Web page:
A programmable autonomous business is a novel kind of business built entirely in software that is functionally indistinguishable from a conventional business—acquiring customers, providing a product to those customers, and making an actual profit for doing so. The difference is that the autonomous business has no employees or managers guiding it; all operations are automated in software. While we know that autonomous businesses are possible, we do not understand why. To address this issue I analyze a basic autonomous business as a distributed cognitive system. I show that an autonomous business is composed of a rather mundane set of social practices whose performance is mediated by online technology. These social practices when performed "offline" have nothing to do with business. However, the synthesis of these technological-mediated social practices results in the emergence of an autonomous business. I discuss why mediating the performance of these social practices with online technologies allows them to instantiate business processes, and conclude by describing the practical applications of the findings and outlining areas for future research.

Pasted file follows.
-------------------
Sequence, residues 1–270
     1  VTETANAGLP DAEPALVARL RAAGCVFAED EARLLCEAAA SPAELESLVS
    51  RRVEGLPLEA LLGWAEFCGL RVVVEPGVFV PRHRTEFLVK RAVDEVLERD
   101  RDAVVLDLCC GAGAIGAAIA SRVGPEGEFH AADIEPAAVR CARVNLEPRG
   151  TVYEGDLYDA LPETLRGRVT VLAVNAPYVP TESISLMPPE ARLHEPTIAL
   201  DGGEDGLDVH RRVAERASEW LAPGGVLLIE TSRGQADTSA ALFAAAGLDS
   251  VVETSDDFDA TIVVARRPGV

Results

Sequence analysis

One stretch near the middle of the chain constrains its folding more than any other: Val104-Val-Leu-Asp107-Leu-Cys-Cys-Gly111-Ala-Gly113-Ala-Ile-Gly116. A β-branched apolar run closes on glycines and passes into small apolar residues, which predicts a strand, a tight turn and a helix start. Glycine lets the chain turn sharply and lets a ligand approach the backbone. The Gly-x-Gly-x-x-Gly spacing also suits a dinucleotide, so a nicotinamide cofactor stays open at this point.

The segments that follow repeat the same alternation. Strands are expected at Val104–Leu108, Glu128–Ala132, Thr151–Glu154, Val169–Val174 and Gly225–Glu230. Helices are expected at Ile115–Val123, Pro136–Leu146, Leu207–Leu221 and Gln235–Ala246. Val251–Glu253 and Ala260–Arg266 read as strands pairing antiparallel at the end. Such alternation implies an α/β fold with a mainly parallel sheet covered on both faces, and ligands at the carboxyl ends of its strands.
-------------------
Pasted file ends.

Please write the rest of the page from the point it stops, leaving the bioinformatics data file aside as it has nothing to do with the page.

Flor, Nick V.
"Synthesizing an Autonomous Business Out of Social Parts: A Cognitive Analysis,"
Journal of Information Technology Theory and Application (JITTA):
1, Article 4.
Available at: http://aisel.aisnet.org/jitta/vol7/iss1/4